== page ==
Information for Schools
Questions & Answers
The Centers for Disease Control and Prevention (CDC) recognizes that school administrators, teachers, staff, and parents are concerned about the flu, particularly its effects on children. Schools are instrumental in keeping their communities healthy by taking actions such as posting information about hand hygiene in restrooms, providing flu prevention messages in daily announcements, and being vigilant about cleaning and disinfecting classroom materials.
Following are answers to questions commonly asked by school administrators, teachers, staff, and parents:
What is influenza (flu)?
The flu is a contagious respiratory illness caused by influenza viruses. It can cause mild to severe illness, and at times can lead to death. The best way to prevent the flu is by getting a flu vaccination each year.
It is estimated that every year in the United States, on average:
- 5% to 20% of the population gets the flu;
- more than 200,000 people are hospitalized from flu complications;
- 20,000 of those hospitalized are children younger than 5 years of age; and
- a range of 3,000 to 49,000 people die from flu.
Some people, such as older people, young children, and people with certain health conditions (such as asthma, diabetes, or heart disease), are at high risk for serious flu complications.
How does the flu spread?
Most experts believe that flu viruses spread mainly by droplets made when people with flu cough, sneeze or talk. These droplets can land in the mouths or noses of people who are nearby. Less often, a person might also get flu by touching a surface or object that has flu virus on it and then touching their own mouth, eyes or possibly their nose.
What are the symptoms of the flu?
Symptoms of flu include:
- fever (usually high)
- extreme tiredness
- dry cough
- sore throat
- runny or stuffy nose
- muscle aches
- Stomach symptoms, such as nausea, vomiting, and diarrhea, also can occur but are more common in children than adults
Although the term “stomach flu” is sometimes used to describe vomiting, nausea, or diarrhea, these illnesses are caused by certain other viruses, bacteria, or possibly parasites, and are rarely related to influenza. Also see Cold Versus Flu.
How long is a person with flu virus contagious?
The period when an infected person is contagious depends on the age and health of the person. You may be able to pass on the flu to someone else before you know you are sick, as well as while you are sick. Most healthy adults may be able to infect others beginning 1 day before symptoms develop and 5 to 7 days after becoming sick. Some people, especially young children and people with weakened immune systems, might be able to infect others for an even longer time.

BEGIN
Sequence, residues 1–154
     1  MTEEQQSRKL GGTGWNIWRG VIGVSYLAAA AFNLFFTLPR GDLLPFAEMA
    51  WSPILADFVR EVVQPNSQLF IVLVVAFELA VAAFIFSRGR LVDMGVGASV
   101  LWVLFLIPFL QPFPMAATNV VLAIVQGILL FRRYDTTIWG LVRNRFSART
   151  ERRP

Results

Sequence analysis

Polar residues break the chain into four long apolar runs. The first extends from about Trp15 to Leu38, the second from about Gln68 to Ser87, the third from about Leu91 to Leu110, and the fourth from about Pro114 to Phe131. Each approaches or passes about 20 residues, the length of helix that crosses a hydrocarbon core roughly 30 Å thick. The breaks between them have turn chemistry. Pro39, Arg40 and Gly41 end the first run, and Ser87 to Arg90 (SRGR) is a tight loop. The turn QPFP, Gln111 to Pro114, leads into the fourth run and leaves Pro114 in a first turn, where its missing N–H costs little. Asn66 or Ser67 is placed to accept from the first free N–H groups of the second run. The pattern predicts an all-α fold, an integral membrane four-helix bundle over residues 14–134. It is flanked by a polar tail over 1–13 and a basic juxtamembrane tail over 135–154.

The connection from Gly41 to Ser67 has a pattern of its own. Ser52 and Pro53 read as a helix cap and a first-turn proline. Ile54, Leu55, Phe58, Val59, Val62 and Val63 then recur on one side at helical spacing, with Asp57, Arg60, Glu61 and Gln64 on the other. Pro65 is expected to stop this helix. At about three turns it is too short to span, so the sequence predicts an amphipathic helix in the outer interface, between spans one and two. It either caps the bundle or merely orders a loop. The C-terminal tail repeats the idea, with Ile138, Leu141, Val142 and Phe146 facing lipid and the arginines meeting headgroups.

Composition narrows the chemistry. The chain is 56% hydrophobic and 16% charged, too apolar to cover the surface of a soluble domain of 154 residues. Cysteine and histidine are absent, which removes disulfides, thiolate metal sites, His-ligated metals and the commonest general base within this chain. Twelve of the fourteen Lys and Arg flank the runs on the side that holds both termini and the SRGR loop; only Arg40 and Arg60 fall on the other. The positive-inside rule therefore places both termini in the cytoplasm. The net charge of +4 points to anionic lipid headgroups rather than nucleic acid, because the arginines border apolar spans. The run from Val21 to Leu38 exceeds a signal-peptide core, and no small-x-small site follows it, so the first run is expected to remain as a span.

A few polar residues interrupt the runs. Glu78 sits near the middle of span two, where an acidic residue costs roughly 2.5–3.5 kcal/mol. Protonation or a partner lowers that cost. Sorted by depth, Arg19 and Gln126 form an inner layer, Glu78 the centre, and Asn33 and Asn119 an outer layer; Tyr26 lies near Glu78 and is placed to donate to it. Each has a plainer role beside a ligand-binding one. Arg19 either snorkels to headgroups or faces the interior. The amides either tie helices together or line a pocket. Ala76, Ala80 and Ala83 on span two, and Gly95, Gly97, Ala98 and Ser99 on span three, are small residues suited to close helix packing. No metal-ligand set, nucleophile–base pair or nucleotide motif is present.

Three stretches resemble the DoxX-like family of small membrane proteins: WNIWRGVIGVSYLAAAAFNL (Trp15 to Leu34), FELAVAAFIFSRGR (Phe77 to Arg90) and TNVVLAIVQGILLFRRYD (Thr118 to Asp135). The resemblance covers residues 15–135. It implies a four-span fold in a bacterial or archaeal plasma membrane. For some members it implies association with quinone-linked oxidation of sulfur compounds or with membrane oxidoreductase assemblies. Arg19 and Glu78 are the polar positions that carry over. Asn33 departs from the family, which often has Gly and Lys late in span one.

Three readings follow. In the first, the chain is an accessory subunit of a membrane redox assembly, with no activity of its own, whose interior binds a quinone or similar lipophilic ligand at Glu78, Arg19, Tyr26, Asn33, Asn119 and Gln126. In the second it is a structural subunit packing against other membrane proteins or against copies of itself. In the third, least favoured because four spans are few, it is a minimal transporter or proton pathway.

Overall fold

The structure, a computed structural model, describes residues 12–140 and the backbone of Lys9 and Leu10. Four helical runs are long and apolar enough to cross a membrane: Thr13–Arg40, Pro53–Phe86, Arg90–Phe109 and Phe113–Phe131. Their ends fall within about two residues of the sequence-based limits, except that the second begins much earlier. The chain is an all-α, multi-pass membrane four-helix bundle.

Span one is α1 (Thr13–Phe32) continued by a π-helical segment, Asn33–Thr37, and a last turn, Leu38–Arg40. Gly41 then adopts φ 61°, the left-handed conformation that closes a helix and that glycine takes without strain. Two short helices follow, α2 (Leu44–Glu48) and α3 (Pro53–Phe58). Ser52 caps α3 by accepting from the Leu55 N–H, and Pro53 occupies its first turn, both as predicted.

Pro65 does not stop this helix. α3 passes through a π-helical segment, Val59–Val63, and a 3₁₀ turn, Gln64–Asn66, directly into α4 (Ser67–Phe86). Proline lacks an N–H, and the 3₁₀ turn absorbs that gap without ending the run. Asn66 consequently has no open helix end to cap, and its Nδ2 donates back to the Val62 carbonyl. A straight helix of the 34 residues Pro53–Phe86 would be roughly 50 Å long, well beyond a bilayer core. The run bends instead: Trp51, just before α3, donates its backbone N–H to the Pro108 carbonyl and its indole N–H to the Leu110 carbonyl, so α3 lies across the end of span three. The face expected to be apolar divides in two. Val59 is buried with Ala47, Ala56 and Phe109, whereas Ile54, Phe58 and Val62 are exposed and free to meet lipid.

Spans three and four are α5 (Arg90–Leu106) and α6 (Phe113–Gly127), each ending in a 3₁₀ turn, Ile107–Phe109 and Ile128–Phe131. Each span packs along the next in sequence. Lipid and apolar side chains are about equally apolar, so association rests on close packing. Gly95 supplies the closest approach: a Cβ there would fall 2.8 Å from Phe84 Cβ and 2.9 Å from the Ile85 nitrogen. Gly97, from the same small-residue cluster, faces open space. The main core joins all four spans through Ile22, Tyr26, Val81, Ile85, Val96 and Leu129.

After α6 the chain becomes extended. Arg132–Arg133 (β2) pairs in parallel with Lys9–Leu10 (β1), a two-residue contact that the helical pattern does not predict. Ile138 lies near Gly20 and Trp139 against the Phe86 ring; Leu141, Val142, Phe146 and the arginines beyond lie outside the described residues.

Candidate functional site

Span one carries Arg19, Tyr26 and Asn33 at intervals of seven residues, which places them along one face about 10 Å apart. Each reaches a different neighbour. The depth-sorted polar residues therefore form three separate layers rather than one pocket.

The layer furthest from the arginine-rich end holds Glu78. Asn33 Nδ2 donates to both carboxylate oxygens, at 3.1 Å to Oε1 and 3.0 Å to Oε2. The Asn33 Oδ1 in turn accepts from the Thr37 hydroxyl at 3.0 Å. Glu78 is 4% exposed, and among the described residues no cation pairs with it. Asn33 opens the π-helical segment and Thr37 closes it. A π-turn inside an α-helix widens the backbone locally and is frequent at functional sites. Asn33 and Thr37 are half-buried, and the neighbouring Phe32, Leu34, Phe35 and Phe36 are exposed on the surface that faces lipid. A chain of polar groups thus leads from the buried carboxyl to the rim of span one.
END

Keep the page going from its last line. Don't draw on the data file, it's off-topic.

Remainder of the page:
What is the difference between a cold and the flu?
The flu and the common cold are both respiratory illnesses but they are caused by different viruses. Because these two types of illnesses have similar symptoms, it can be difficult to tell the difference between them based on symptoms alone. In general, the flu is worse than the common cold, and symptoms such as fever, body aches, extreme tiredness, and dry cough are more common and intense. Colds are usually milder than the flu. People with colds are more likely to have a runny or stuffy nose. Colds generally do not result in serious health problems, such as pneumonia, bacterial infections, or hospitalizations.
How can you tell the difference between a cold and the flu?
Because colds and flu share many symptoms, it can be difficult (or even impossible) to tell the difference between them based on symptoms alone. Special tests that usually must be done within the first few days of illness can be carried out, when needed to tell if a person has the flu.
More information about Flu: The Disease.
What can I do to protect myself against the flu?
CDC recommends a yearly flu vaccine as the first and most important step in protecting against this serious disease. While there are many different flu viruses, the flu vaccine protects against the main flu viruses that research indicates will cause the most illness during the flu season. (Three or four viruses, depending on which vaccine you get.) The vaccine can protect you from getting sick from these viruses or it can make your illness milder if you get a different flu virus. See Vaccine Benefits for more information.